Ten quick tips for beating the heat with horses

Share This Post

Share on facebook
Share on linkedin
Share on twitter
Share on email

Much of the United States has been blanketed in stifling humidity and record heat this summer.  In our area of the Northeast, we beat last year’s total number of 90 degree days in early July (August is usually the month for hot, and it’s coming in steamy). Our southern and western neighbors are probably thinking double digits would be a welcome cool spell, but it’s tough to take when you’re not used to it (come on up in January and we’ll giggle as you shiver at balmy days in the 20s). Whether you’re in Arizona, Texas, North Carolina, New England or any other area of the country, you and your horses have probably had it with sweating, sweltering and sun burn.  Take heart – you’re not alone. Get smart to ensure you and your horse can be happy with your time together and both of you stay safe.  Here are some ideas to help you keep your cool (and please add your ideas in the comment section below as others will surely welcome your insight and experience).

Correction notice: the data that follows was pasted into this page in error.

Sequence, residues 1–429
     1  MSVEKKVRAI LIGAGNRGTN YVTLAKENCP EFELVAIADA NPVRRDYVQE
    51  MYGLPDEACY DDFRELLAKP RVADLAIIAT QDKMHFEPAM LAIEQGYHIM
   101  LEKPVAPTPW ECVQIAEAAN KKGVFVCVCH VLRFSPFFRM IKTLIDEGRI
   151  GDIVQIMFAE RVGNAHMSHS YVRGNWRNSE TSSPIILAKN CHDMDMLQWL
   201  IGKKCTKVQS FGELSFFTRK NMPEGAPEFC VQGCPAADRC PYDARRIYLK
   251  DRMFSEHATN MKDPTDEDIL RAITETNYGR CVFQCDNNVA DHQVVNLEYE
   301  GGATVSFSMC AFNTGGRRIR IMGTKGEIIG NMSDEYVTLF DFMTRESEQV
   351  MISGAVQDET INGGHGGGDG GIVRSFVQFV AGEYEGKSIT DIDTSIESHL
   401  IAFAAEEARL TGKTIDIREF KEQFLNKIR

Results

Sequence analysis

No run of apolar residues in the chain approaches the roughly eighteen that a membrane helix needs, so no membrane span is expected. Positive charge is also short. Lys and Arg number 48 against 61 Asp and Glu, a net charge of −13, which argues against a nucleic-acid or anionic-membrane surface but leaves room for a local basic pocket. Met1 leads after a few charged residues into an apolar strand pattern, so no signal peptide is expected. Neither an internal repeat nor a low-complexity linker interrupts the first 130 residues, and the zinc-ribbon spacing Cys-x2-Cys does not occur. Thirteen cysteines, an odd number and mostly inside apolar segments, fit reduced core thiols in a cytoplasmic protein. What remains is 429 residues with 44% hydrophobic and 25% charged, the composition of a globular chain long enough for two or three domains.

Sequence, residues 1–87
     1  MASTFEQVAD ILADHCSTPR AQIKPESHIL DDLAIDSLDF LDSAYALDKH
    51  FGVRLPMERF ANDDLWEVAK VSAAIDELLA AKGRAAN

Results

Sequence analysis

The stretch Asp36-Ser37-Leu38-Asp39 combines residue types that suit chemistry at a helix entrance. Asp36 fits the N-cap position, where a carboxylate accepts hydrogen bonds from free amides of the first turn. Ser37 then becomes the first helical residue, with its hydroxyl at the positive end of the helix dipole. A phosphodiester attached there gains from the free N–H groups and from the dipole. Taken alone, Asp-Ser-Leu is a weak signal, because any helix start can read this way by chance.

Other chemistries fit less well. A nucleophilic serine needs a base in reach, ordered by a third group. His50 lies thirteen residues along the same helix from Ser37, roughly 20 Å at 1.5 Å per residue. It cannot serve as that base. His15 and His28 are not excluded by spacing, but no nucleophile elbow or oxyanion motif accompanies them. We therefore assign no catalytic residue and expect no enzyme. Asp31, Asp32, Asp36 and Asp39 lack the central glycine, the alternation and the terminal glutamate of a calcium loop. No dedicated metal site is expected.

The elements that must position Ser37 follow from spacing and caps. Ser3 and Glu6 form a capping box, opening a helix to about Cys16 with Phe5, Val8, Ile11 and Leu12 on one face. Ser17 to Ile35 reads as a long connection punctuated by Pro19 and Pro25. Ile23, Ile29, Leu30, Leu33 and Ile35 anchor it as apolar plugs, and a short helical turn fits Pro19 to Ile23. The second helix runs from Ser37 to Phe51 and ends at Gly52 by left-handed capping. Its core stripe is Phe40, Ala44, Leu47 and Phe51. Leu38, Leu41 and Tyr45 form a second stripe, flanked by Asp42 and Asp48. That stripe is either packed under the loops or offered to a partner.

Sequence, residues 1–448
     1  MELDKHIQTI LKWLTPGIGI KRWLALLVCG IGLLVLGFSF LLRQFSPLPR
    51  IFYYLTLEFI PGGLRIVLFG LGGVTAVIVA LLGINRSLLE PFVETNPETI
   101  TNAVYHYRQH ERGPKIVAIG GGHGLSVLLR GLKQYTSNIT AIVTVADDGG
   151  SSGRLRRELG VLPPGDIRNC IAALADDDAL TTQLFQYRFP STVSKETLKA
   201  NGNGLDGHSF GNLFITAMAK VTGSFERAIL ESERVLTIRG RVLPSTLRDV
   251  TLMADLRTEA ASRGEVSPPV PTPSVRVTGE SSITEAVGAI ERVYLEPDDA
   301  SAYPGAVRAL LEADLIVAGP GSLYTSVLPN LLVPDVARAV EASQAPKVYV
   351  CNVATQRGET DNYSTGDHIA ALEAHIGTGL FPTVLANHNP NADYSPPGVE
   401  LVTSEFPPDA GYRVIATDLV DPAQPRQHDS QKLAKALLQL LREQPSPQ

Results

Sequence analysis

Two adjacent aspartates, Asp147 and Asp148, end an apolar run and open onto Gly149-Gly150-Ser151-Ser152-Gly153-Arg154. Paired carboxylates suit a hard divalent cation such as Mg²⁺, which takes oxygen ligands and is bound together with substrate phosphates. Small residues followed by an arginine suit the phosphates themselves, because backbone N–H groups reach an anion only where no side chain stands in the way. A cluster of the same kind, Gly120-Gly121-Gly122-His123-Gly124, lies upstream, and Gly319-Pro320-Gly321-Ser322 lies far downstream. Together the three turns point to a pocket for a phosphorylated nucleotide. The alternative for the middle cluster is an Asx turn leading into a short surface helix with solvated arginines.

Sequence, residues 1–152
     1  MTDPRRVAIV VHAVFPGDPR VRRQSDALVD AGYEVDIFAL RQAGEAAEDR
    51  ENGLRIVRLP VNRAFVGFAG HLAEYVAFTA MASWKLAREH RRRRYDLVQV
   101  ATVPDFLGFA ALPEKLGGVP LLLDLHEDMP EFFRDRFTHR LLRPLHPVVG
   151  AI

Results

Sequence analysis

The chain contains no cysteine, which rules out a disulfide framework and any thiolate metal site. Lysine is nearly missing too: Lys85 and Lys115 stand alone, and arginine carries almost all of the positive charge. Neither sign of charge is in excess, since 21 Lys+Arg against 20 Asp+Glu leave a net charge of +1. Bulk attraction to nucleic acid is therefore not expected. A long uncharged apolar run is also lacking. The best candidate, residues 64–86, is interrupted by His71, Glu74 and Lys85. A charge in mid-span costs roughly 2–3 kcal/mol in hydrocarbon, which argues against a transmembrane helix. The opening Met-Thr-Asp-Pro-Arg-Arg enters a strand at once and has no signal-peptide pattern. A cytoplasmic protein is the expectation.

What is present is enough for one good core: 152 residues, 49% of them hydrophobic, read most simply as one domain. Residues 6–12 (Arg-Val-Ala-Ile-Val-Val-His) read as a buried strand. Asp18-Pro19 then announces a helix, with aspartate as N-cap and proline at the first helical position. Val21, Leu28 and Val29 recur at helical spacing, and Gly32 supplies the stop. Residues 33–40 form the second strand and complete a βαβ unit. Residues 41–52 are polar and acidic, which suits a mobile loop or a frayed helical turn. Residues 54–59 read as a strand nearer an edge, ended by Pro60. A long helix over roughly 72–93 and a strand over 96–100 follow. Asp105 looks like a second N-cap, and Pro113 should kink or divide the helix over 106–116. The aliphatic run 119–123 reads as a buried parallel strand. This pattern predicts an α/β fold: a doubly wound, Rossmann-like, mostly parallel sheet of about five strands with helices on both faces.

1. School horses early in the morning. On the East coast, it’s light enough at 5:30 a.m. to ride right now and this is the best time to escape the insects, heat and humidity. It takes too much time to cool down in the evening (hours after sunset) and the bugs are brutal. Some go to the health club early in the morning. Why not use your pre-work time for riding exercise instead and use the club for a shower. If you really want to ride the bike, tackle the stairs or lift weights, take advantage of the air conditioning at lunch or after work.
  2. Turn horses out at night and bring them into the barn during the day. Even if you have run-in sheds, they don’t provide enough protection from the bugs and the heat when the weather gets steamy. Well-designed barns are much cooler than sun-drenched pastures.
  3. Pull out the fans to keep the air moving for you and your horse when in the stall.